FIG. 2 shows an embodiment of the present invention using an extended ion source.
FIG. 1 shows one embodiment of the present invention using a moveable ion source 1 which produces an ionized gas stream 2. The ions in the gas stream can be generated using any number of known methods including radioactive materials, electrically induced ionization or thermally induced ionization. The ion source is positioned in close proximity to the insulated cable or wire 3 under test, preferably within two inches. The cable 3 preferably has its normal potential waveform on it. A separate sense conductor 4 is also located in close proximity to the cable 3 under test.
The ionized gas stream 2 due to the voltage Es of the ion source causes a current to flow in the sense conductor 4. The direct component of the current in the sense conductor 4 is measured as a function of the potential waveform on the cable under test. A change in the measured current occurs when the ions pass over a defect 5 in the insulation 6 of the cable 3. By moving the ion source along the cable 3, the direct current is also measured as a function of its position along the cable and this information can be used to locate the defects which are detected.
While the presence or absence of insulation defects generally can be established just by measuring the current in the sense conductor, by synchronously measuring the current in the sense conductor with respect to a potential waveform on the cable under test results not only in enhanced detectability of the defects but also an easier overall test since the cable can remain in operation. This synchronous detection of sense conductor current with respect to a potential waveform EC on the cable under test also enhances the signal to noise ratio of the current measurement in the sense conductor, typically made by microammeter 7. It also provides a means for identifying which cable has the defective insulation in the case of multiconductor cables if different potential waveforms exist or are placed on the different cables and the sense conductor current is synchronously detected with respect to each potential waveform. The sensitivity of the current measurement is improved if a bias potential EB is added to the sense conductor.
A variety of different ion sources can be used including the extended ionized gas source 10 shown in FIG. 2. This ion source is, described in U.S. patent application Ser. No. 07/267,150, filed Nov. 4, 1988 which is incorporated herein by reference as if set forth in full. The direct current flowing in each of the plurality of sense conductors 11, 12 and 13 is measured as a function of the potential Ec on the insulated conductor 15 under test. In this case, a d.c. or a high frequency a.c. voltage EK is used to excite the ion source 10 and to generate a corona discharge or ion cloud 14 which provides the current flowing to and in the sense conductors. The current in each sense conductor is detected by microammeters 16, 17 and 18, respectively, synchronously with respect to the potential waveform Ec on the insulated conductor 15 under test to identify if there are any defects 19 in the insulation 20. The location of the defect 19 along the length of the conductor 15 can be obtained by using a plurality of sense conductors each coded (such as with Grey code) with insulation segments 21 as shown in FIG. 2. Additionally, bias potentials EB1, EB2 and EB3 can be used with each sense conductor to improve its sensitivity.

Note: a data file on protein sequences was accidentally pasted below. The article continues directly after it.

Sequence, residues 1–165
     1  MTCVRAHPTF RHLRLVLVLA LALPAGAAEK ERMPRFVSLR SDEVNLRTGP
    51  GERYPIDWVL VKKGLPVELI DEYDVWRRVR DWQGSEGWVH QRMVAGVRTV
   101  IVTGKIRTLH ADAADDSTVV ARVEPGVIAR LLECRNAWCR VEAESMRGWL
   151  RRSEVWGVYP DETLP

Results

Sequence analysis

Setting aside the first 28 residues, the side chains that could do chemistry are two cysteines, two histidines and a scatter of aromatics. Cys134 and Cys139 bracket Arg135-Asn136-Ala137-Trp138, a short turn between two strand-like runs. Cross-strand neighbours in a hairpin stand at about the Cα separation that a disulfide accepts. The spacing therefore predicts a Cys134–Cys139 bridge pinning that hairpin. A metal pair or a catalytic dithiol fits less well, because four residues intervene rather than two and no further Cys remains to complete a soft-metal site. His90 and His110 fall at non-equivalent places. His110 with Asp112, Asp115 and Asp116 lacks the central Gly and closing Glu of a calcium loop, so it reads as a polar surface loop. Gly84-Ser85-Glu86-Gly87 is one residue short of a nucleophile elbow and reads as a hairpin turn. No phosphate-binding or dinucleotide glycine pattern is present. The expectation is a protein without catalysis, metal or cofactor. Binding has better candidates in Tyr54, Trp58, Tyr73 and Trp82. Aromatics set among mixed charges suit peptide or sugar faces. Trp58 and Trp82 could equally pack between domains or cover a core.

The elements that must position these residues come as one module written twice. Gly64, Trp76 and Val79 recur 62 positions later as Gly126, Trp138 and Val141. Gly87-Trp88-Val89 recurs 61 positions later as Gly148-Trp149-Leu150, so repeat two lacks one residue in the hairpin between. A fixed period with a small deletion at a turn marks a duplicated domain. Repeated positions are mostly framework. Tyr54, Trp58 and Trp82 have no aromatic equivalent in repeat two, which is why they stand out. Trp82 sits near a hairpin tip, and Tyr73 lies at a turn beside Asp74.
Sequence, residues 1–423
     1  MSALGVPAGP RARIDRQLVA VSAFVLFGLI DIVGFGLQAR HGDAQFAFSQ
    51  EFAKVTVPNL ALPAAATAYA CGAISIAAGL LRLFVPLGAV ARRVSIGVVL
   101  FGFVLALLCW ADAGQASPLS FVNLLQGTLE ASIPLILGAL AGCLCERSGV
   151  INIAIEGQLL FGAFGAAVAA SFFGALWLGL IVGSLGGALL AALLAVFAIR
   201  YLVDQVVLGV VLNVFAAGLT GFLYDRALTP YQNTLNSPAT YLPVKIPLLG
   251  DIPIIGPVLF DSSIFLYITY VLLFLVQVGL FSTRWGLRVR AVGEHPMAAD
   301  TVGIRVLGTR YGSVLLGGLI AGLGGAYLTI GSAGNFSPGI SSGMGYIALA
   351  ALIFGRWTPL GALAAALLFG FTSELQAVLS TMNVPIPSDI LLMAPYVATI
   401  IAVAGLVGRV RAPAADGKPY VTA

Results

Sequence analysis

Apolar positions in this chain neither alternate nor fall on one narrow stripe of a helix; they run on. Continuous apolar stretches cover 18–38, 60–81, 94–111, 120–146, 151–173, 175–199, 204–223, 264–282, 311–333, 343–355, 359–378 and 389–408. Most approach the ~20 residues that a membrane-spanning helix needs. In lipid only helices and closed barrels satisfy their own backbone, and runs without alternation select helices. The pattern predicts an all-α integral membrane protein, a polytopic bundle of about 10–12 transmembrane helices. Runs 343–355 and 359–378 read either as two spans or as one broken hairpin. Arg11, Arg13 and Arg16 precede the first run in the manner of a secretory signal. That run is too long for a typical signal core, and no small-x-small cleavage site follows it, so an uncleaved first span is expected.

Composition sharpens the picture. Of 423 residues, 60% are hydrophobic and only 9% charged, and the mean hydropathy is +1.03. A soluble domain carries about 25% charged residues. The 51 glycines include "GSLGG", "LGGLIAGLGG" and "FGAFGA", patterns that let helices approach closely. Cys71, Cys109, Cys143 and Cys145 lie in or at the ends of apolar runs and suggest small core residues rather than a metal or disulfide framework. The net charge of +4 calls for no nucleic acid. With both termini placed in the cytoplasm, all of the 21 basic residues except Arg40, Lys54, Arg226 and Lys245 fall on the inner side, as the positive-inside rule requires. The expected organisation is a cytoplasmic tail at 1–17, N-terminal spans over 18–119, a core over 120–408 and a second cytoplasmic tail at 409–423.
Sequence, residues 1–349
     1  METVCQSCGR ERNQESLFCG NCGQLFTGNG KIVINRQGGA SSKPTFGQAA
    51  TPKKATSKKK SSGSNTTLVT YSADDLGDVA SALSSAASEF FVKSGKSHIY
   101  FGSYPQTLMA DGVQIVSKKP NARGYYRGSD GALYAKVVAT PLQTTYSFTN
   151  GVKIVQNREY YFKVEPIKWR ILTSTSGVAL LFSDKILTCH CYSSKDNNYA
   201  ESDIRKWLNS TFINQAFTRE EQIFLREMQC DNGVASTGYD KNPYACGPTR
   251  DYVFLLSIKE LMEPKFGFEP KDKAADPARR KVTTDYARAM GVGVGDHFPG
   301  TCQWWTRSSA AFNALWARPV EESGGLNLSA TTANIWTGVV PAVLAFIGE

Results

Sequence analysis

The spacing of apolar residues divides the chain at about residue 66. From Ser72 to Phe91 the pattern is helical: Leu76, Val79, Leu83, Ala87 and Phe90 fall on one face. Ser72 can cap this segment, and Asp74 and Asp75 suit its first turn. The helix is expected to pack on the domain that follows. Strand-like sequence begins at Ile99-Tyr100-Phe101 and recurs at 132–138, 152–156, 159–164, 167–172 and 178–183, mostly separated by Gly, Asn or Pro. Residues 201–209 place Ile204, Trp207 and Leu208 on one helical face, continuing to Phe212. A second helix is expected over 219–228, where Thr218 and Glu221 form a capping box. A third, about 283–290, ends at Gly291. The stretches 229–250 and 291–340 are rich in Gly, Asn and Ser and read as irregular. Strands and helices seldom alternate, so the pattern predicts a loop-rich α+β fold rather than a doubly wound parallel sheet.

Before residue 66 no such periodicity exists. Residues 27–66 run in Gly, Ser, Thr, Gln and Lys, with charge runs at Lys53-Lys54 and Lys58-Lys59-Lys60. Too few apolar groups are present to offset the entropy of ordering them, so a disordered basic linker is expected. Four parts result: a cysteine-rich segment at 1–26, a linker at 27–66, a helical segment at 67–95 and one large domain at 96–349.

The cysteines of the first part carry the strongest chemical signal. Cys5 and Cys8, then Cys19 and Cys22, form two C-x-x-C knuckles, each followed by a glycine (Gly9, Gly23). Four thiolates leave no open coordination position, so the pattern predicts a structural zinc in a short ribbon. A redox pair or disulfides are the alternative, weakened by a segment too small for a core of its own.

Table 1 provides some data showing the change in the measured current in the sense conductor for the device shown in FIG. 1. A 3M 902 ionized air gun with nitrogen gas (flow constant but not measured) was used as the ion source. A bare sense conductor (0.05 inch diameter) was placed parallel to an insulated (0.012 inch thick Teflon™ insulation) cable under test (0.05 inch diameter) with a 0.25 inch separation between them. Both the cable and the sense conductor were spaced 0.5 inches in front of either a conductive or insulating background, and the ionized air gun was placed 0.9 inches from them with the gas stream perpendicular to the background plane. The defect consisted of a 0.08 inch long insulation segment removed from the insulated cable under test. The steady state sense conductor current in millimicroamperes was measured with an HP Model 425A d.c. Microammeter while both voltages Es and Eb were held at zero.
TABLE 1______________________________________Ec Sense Conductor Current (μA)(Volts) No Defect1 Defect No Defect2 Defect______________________________________+200 0.07 0.25 0.21 0.52+100 0.06 0.16 0.18 0.36 0 0.04 0.04 0.14 0.14-100 0.02 -0.06 0.13 -0.04-200 0.00 -0.15 0.08 -0.20______________________________________ 1 Conductive Background 2 Insulating Background
While a presently preferred embodiment of practicing the invention has been shown and described with particularity in connection with the accompanying drawings, the invention may otherwise be embodied within the scope of the following claims.
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|U.S. Classification||324/557, 324/531, 324/544, 324/514, 324/541|
|International Classification||G01N27/20, G01R31/02, G01R31/08|
|Cooperative Classification||G01R31/083, G01R31/021|
|European Classification||G01R31/08D2, G01R31/02B|
|Nov 4, 1988||AS||Assignment|
Owner name: WESTINGHOUSE ELECTRIC CORPORATION, WESTINGHOUSE BU
Free format text: ASSIGNMENT OF ASSIGNORS INTEREST.;ASSIGNOR:ASARS, JURIS A.;REEL/FRAME:004972/0461
Effective date: 19881104
Owner name: WESTINGHOUSE ELECTRIC CORPORATION, PENNSYLVANIA
Free format text: ASSIGNMENT OF ASSIGNORS INTEREST;ASSIGNOR:ASARS, JURIS A.;REEL/FRAME:004972/0461
Effective date: 19881104
|Aug 3, 1993||REMI||Maintenance fee reminder mailed|
|Jan 2, 1994||LAPS||Lapse for failure to pay maintenance fees|
|Mar 15, 1994||FP||Expired due to failure to pay maintenance fee|
Effective date: 19931226